Located right in the heart of Seoul in the popular shopping district of Myeongdong, Sicily is known for its Hangari (jar) Patbingsu and its exotic Optunia (paddle cactus) Fruit Bingsu. The Hangari Patbingsu, which is big enough to feed two, comes out in an earthenware pot of shaved ice and milk loaded with red beans, cereal, almonds, and walnuts. The Hangari Patbingsu is also made with extract of Opuntia, which gives the dish its unique color and taste. If you’re not a big fan of beans, opt for the Opuntia Fruit Bingsu, which comes topped with cherry tomatoes, kiwi and banana slices, cereal, and almonds.
☞ Place: Sicily (Myeongdong 2ga, Jung-gu, Seoul)
Melon bingsu served in a whole melon
Located on the basement floor of the Nature Poem building in Cheongdam-dong, Gangnam-gu, I’m Coffee offers a summertime Melon Bingsu that’s out of this world! Unlike other fruit bingsus that only come topped with fruit, this melon bingsu comes out as a whole melon. The flesh of the melon is scooped out and formed into balls while the emptied melon is filled with shaved ice and used as the serving bowl. The ice is then topped with the melon balls and a scoop of ice cream, resulting in a semi-healthy snack with just the right amount of sweet.
☞ Venue: I’m Coffee (Cheongdam-dong, Gangnam-gu, Seoul)
Cacao bingsu with sweet and mild cacao flavors
Located in Seogyo-dong, Mapo-gu, Cacaoboom is a chocolate café serving up only the finest handmade chocolates. Famed for its handmade Belgium chocolates and chocolate-infused beverages, in summer the café rolls out another sweet surprise: Cacao Bingsu. Served from July to September, this summertime treat is made using chocolate that has been frozen and melted several times to create a thin ice, which is then shaved to make the bingsu base. The sweet flavor of the chocolate ice is further enhanced by a warm cacao sauce drizzled on top. Garnished with crisp almond slivers and pieces of chocolate, this dark chocolate delight offers a mildly sweet taste full of deep chocolate undertones.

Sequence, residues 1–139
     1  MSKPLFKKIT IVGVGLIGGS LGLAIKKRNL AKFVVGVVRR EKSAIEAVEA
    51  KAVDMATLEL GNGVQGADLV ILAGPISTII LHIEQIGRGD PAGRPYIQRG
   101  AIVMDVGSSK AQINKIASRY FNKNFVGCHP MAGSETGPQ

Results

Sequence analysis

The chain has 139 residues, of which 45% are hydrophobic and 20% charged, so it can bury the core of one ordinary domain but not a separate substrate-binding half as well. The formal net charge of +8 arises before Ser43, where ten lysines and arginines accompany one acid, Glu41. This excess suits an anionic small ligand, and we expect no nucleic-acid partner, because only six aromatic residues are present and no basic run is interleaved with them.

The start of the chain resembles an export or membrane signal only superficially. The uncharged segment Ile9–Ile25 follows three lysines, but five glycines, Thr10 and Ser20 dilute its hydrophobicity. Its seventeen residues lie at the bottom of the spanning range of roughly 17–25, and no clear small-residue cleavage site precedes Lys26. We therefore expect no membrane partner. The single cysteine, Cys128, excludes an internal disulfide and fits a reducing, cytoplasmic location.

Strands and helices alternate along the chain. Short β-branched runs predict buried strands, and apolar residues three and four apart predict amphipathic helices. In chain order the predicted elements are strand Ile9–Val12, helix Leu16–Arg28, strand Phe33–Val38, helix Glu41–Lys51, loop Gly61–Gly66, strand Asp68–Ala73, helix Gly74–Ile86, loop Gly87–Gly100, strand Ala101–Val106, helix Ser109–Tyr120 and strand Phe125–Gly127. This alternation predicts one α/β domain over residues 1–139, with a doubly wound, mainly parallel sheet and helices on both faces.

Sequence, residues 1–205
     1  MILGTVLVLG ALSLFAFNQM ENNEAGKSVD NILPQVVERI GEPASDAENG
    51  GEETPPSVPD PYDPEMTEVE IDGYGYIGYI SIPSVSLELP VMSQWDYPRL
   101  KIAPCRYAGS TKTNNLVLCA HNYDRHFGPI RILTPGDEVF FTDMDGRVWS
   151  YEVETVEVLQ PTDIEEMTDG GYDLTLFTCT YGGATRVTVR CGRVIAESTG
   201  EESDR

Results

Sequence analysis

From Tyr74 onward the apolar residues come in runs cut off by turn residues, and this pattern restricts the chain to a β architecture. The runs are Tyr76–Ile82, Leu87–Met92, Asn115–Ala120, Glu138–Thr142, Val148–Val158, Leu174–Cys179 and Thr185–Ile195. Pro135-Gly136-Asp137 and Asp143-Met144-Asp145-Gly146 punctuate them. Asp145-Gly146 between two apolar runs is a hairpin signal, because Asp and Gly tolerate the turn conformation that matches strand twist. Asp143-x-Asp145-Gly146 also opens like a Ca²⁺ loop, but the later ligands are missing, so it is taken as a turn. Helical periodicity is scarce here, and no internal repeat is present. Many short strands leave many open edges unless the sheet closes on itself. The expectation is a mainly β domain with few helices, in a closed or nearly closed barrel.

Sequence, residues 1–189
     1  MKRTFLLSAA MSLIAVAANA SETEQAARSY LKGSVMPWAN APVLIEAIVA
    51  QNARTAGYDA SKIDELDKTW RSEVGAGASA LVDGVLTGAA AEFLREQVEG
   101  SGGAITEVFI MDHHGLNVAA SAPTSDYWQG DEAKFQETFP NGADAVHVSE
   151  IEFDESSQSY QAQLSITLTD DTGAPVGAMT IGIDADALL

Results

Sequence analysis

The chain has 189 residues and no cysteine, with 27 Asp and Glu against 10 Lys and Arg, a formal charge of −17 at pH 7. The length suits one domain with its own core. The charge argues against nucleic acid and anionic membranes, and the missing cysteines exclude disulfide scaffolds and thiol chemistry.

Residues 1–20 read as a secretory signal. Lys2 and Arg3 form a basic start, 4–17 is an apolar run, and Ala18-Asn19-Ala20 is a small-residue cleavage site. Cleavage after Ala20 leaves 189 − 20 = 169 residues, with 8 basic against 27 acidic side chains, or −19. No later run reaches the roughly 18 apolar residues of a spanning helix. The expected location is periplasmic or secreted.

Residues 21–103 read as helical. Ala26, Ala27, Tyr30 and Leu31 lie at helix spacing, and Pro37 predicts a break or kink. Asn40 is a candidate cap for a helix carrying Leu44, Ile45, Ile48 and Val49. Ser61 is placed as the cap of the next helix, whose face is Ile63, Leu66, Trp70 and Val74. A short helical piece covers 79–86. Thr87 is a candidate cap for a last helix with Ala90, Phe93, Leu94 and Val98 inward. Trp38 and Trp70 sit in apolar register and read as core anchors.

☞ Venue: Cacaoboom (Seogyo-dong, Mapo-gu, Seoul)
Refreshing watermelon bingsu and sweet and sour strawberry bingsu
Come summer, Gami in Daehyeon-dong, Seodaemun-gu is crowded with fruit lovers eager to chow down on the café’s famous Watermelon Bingsu and Strawberry Bingsu. The reason why this café is so popular is that at Gami, fruit takes center stage. Both bingsus are made with ice flakes made of milk topped with generous scoops of juicy fruit and drizzled with condensed milk. Strawberries used in the Strawberry Bingsu are picked in the spring and sweetened with sugar, making for the perfect blend of tart and sweet.
☞ Place: Gami (Daehyeon-dong, Seodaemun-gu, Seoul)
Jangdokdae Bingsu, a healthy bingsu!
Photo Credit: Snow Bean
A uniquely named bingsu is attracting a lot of attention on Jeju Island. This bingsu is called Jangdokdae (an area for pots of sauces and condiments) bingsu which is also often known as Cheonggukjang (quickly-fermented bean paste) bingsu. It comes with toppings such as sweet cheonggukjang gangjeong (fried glutinous rice crackers with sesame or beans), cheonggukjang powder and nuts. Since cheonggukjang is served in a fried cracker form, people tend to like it compared to the way it is normally served. Looking at this bingsu filled up to the brim of a jangdok, traditional Korean pottery, pot makes eating this bingsu much more fun! The main ingredients for jangdokdae bingsu are red beans, sliced almonds, various kinds of nuts, rice cake, cheonggukjang fried crackers, cheonggukjang powder and a secret snow bean sauce.
☞ Place: 579, Gyorae-ri, Jocheon-eup, Jeju-si, Jeju-do
Dark cacao flavored Oreo Bingsu
Photo Credit: Pop Container Cafe
Located in Sinchon, Pop Container Café is crowded with customers every summer. The best item of this café is tall, tower-like Oreo Bingsu. The bingso extends high out of the bowl and sliced with shaved pieces of frozen milk and ice. It is decorated with cocoa powder and sugar powder making it look like a snow-covered mountain with an Oreo cookie peak!
☞ Place: 5-11, Changjeon-dong, Seodaemun-gu, Seoul
Last updated, July 9, 2013